Lower back pain: symptoms, causes and treatment
Lower back pain is very common. 80% of all adults suffer from it at some point in their lives. In many cases, it is serious enough to prevent or obstruct carrying out normal work or engaging in hobbies.
Symptoms of pain in the lower back
This back problem covers a mix of various symptoms whereby pain in the lower back is the most prominent. This pain can radiate to the hips, legs and feet.
Lower back pain that lasts no more than 7 days, is called acute lower back pain. In some patients, the pain persists (sometimes for years) and recurs at regular intervals. We speak of chronic lower back pain when the problems persist for 12 weeks or longer.
Causes of lower back pain
Specific lower back pain or pain in the lower back refers to a back problem of which the cause is known. In many cases this lower back pain is caused by excessive physical stress, such as the incorrect lifting of a heavy load, a repetitive incorrect movement or sitting for a long time with a bad posture.
In many cases, pain in the lower back is caused by physical overloading.
The pain can also come from muscles, joints and ligaments. There is also lower back pain for which the cause is not known. When it is not clear where the pain is coming from exactly, we speak of a-specific lower back pain.
The treatment of lower back pain
The large majority of patients with lower back pain will recover. In many cases, the problems disappear on their own after a few days. When this does not happen, most patients benefit from doing muscle-strengthening exercises and painkillers and are free from their complaints within six weeks. Half of all lower back pain patients is pain-free after one week. Ask advice from your doctor about painkillers.
Exercises for lower backache
Research has shown that a lack of physical activity and a prolonged spell of bed rest can do more harm than good in most cases. The less a patient moves, the weaker their muscular system becomes.
Depending on the diagnosis and the nature of your complaint, it is important to do the right exercises, at the right intensity and from the right starting position. Exercises done incorrectly can do more harm than good. It goes without saying that the exercises are best done under the supervision of your therapist. In a less acute stage of the lower back pain, your therapist will also give you exercises that you can do at home independently.
The less a patient moves, the weaker their muscular system becomes.
With lower back pain it is important to build up a strong ‘corset muscle’, whereby both the abdominal and back muscles are strengthened. Sufficiently strong back and abdominal muscles will better support the spine so the intervertebral discs will be put under less pressure as well. Circulation will increase locally and the pain will diminish. It is also important to exercise the large as well as the small muscle groups.
The straight and diagonal abdominal muscles need to be exercised on the abdominal side, and on the back side it is important to exercise the extensor muscles and certainly also the small muscles between the discs.
There are various methods for training muscles:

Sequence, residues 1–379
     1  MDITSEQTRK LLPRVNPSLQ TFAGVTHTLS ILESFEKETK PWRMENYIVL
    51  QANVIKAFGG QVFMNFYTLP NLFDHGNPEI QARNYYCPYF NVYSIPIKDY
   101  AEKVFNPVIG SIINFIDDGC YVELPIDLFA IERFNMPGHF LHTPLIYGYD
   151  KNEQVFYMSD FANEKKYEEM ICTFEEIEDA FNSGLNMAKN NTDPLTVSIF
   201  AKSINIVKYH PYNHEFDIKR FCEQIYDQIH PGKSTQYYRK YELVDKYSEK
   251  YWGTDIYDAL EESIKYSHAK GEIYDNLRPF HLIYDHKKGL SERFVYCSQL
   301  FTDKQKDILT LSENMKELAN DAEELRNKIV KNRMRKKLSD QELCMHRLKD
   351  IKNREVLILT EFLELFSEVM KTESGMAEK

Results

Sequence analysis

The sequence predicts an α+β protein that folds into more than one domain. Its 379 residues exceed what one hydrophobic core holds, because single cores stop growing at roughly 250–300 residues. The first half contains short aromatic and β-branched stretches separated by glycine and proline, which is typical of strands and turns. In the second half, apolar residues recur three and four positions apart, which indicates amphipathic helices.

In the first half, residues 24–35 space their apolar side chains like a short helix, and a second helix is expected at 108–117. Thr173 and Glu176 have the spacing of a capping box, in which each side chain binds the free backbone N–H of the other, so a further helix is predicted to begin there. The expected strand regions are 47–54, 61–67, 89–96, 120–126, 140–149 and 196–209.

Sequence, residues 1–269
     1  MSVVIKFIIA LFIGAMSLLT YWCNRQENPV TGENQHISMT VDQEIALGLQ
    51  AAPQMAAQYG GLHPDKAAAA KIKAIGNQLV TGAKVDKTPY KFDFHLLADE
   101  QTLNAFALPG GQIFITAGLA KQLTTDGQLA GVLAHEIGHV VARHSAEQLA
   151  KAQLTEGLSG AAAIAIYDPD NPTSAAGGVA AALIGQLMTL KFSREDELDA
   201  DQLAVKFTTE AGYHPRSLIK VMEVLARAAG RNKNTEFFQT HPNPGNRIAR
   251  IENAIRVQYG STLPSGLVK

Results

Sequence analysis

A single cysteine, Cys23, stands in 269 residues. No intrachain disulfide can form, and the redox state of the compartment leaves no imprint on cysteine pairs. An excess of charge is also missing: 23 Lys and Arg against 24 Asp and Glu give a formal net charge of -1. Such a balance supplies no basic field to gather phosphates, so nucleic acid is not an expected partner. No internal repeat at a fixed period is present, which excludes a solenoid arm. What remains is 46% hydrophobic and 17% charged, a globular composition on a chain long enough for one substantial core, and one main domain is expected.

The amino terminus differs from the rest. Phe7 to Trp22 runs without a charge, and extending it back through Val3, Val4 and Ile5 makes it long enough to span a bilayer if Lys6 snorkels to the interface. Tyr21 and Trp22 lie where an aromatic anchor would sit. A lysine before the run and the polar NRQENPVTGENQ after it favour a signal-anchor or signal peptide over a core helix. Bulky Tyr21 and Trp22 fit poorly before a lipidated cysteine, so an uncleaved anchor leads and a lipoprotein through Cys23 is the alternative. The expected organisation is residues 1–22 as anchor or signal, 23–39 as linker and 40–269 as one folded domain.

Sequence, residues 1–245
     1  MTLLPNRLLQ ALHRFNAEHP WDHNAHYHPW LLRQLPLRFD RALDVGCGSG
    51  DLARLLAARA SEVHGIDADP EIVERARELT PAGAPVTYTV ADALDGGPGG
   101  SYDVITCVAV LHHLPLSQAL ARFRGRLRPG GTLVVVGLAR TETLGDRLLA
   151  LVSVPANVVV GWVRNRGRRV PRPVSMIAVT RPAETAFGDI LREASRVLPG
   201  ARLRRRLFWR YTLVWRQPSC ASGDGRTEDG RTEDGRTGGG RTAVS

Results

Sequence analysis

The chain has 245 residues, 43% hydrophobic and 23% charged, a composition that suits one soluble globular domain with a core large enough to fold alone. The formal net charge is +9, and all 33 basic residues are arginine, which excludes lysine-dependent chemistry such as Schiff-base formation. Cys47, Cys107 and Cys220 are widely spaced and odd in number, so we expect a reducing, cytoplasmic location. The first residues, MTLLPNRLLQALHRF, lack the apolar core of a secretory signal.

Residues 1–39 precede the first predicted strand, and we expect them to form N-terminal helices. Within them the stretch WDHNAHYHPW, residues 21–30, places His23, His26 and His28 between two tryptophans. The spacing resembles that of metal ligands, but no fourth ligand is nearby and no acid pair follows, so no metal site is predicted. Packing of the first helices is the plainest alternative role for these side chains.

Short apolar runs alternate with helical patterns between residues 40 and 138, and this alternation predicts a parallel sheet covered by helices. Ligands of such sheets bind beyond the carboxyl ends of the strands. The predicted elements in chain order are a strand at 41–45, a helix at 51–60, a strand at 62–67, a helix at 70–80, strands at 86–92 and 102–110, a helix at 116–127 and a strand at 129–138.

- Static exercises
- Dynamic exercises
- General posture-correcting exercises
With dynamic exercises there is movement as the muscles are being contracted; in static exercises there is no movement as the muscles are being contracted (e.g. tensing the abdomen without moving)
In dynamic exercises, there is movement during contraction of the muscles.
Posture-correcting exercises are exercises whereby the patient consciously re-learns to have the correct posture in his or her daily activities. Correct lifting techniques are essential here.
There are special programmes in back schools and at therapists that treat all aspects of lower back pain problems. Exercises are done in a group, which is a psychological advantage. Attention is given to ergonomics in daily life.
In general, we can say that for someone with a sensitive back, appropriate back care can prevent much suffering. With daily maintenance (similar to brushing your teeth every day), you can get maximum benefit with a minimum of time (3 to 5 minutes per day may suffice). Always get guidance from a therapist.
A good sleep system
A good sleep system, like Dorsoo’s, with an ergonomic slatted base and mattress, ensures in the first instance a good, correct support of the lower back and much more relaxation. With the correct sleeping position, the sleeping system provides significant relief and you can sleep with less back pain.
Lower back pain and pregnancy
Lower back pain also often occurs during pregnancy. Around half of all pregnant women suffer from it. Why is this?
Increase in weight
The most important cause of lower back pain in pregnant women is the increase in weight. Carrying extra weight around puts added strain on the back. But there can also be other reasons for lower back pain during pregnancy.
Greater mobility of pelvic joints
As the pregnancy of the woman progresses, her pelvic joints become more mobile and the risk of lower back pain and pain in the pelvic area increases.
Many pregnant women develop an incorrect posture. Because of the enlarged belly, many women often have the tendency, often without realising it, to lean forward. This puts added strain on the back.
Many pregnant women only get lower back pain at the end of the day. This is usually the result of too much exertion, so the back needs rest. In this case it is important to stop the physical tasks for a while.